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HMRC internal manual

VAT Business/Non-Business Manual

Clubs and associations: Definition and registration of Student Unions

Definition of a Student Union
Registration of Unions
Clubs and societies
Clubs and societies which are part of a Student Union

Definition of a Student Union

Student Unions have been established in all universities and university colleges. Some of the Unions are completely independent of the parent universities. All are in effect autonomous bodies even though provision may be made for them in the constitution of a university or college. Their aims are educational, recreational and representational.

Junior Common Rooms (JCRs) at Colleges of the University of Oxford and the University of Cambridge are identical for VAT purposes to Student Unions at non-collegiate universities. The VAT treatment described in this part is also appropriate for JCRs and for University Athletic Unions which function as Student Unions with regard to sports activities.

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Registration of Unions

Since the business activities of Student Unions are effectively independent of those of their parent institutions they should normally be registered separately for VAT in their own names.

Exceptionally a Union (other than a Union which is completely independent of a university) may be included in the VAT registration of its parent institution if the institution agrees.

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a. Grants

A substantial part of a Union’s funding usually comes from the parent institution in the form of a block grant (usually called a ‘subvention’) or capitation fee. These grants are outside the scope of VAT, and any supplies of goods or services which are wholly funded by such grants are not made in the course of business.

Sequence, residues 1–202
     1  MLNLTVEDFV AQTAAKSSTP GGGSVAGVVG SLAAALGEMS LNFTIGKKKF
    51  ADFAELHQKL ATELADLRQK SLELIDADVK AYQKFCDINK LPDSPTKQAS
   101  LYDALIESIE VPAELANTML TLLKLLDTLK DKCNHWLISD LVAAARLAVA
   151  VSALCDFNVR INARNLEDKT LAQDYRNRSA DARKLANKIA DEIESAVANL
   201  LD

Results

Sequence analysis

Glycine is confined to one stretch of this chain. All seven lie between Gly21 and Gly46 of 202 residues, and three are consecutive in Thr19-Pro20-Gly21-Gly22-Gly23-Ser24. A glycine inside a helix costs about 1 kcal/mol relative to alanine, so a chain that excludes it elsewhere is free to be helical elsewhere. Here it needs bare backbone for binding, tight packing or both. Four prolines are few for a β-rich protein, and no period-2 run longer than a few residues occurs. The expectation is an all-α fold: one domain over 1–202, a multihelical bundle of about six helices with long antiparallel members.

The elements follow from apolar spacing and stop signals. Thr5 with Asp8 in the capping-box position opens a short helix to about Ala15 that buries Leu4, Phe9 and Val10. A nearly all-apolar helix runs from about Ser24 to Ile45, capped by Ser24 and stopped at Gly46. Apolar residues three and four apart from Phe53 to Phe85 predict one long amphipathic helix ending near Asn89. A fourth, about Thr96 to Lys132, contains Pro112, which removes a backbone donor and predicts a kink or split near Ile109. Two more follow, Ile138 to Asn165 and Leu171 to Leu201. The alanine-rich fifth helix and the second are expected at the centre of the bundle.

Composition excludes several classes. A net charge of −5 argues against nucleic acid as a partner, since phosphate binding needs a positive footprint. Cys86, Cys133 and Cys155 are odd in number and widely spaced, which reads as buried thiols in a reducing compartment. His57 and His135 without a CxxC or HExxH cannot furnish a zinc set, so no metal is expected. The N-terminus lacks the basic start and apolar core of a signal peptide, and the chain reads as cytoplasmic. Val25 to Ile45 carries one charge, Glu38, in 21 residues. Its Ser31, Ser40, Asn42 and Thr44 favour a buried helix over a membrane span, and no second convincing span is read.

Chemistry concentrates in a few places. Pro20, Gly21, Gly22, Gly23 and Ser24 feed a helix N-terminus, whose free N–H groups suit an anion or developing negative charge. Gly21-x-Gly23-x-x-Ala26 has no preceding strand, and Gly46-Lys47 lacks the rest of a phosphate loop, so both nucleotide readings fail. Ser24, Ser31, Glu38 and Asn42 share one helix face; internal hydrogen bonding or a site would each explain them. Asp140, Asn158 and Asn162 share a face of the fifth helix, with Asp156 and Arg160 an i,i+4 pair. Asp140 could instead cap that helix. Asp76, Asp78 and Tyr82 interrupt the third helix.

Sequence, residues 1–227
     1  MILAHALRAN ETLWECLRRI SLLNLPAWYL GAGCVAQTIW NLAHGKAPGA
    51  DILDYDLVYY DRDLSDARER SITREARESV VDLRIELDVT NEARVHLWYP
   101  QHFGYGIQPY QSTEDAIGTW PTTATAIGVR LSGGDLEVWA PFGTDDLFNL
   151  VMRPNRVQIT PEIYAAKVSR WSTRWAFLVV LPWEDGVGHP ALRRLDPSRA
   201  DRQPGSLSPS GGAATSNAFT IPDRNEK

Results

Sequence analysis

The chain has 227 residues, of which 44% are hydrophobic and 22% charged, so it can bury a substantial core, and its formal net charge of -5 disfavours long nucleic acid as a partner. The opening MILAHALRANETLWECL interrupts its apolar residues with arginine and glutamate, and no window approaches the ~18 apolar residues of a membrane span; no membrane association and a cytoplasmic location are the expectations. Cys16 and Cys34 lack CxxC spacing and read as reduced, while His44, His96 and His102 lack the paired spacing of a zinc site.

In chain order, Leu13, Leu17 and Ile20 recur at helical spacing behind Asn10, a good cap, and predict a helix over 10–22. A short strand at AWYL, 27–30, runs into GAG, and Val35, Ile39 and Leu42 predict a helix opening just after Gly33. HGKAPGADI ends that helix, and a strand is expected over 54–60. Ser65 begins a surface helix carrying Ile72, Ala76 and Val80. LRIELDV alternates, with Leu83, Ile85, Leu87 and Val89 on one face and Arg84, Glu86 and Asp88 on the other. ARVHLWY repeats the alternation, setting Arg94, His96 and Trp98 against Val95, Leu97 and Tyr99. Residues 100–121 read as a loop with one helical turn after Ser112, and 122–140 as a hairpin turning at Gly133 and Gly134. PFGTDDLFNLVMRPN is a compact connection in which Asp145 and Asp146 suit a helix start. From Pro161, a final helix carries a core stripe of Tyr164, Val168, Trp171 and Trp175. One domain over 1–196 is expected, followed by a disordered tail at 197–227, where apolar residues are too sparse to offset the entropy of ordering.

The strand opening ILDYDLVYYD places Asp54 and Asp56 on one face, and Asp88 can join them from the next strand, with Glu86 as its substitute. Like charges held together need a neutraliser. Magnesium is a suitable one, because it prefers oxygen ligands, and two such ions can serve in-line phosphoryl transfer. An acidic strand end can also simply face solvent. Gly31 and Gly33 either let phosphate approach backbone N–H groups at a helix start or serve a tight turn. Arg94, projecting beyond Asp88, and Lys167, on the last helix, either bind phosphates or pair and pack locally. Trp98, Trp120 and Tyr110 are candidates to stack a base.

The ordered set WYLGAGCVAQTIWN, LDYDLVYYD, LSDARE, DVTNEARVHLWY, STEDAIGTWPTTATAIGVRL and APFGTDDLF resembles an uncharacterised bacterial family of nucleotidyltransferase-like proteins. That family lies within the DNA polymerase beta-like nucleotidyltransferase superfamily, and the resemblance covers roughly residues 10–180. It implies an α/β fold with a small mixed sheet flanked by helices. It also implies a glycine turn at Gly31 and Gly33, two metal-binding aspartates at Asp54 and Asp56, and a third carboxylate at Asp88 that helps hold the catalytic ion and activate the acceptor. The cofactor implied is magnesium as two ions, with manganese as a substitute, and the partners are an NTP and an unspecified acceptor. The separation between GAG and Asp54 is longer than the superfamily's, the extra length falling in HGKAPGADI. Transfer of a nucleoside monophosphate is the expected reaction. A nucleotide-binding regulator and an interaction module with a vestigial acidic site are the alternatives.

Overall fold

b. Subscriptions

Subscriptions levied to members may include an element which is passed on to the National Union of Students as an affiliation fee. Such a payment is outside the scope of VAT for the Student Union because the NUS accounts for VAT on it. The rest of the subscription should be apportioned to reflect the nature of the supplies made to the members.

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Clubs and societies

These may or may not be part of the Student Union.

If a club or society is part the Union has to account for VAT on any supplies the club or society makes. If the club or society is not part it will be treated according to the normal registration rules.

If the club or society does not consolidate its accounts with those of the Student Union it is a sign that it may not be part. The club or society will need to provide evidence of its independent identity.

Any difficulties with this issue should be referred by VAT staff to Registration Policy in VATAPPS. The normal route for HMRC staff for this is through the General Advice Request (GAR) or Technical Advice Request (TAR) as outlined in VPOLADV

Any submission should include:

  • a copy of the constitution of the club concerned;
  • details of the Union to which it is affiliated or from which it claims to be independent;
  • and, where applicable, a copy of the rules or written constitution of that Union.

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Clubs and societies which are part of a Student Union

Clubs with no degree of autonomy in the control of their affairs

These are automatically part of the Student Union VAT registration. As a result, their activities are considered to be carried on by the Student Union. The normal VAT liability rules apply to their subscription income.

Their subscription income is treated as subscription payments. Any unconditional grants or donations from the parent educational institution or the Student Union are outside the scope of VAT.

Other charges, such as admission charges, are taxable at the appropriate rate of VAT under the normal rules.

Clubs with a high degree of autonomy

Each club should:

  • have its own rules:
  • be managed by a committee elected by its members; and
  • have full control over the use of its finances.

Such clubs may be treated as part of their parent Student Union for VAT purposes provided they are in fact part of the university and the following conditions are met;

  • each individual club must be subject to the control of the parent Student Union. It has been agreed with the NUS that the controls outlined in a Model Constitution for Student Unions are acceptable for this purpose. Those controls normally say a Student Union will recognise any club or society provided that:


  • a petition for its formation signed by 10 members is presented to the Union Executive;
  • the club presents with the petition a constitution, including certain laid down conditions; and
  • the constitution is approved by the Union Executive - the recognition can be withdrawn by the Union Executive if it receives evidence that the Club or Society is contravening its constitution.


  • the club or society should use the name of the parent university in its title.
  • the accounts should be consolidated with those of the Student Union.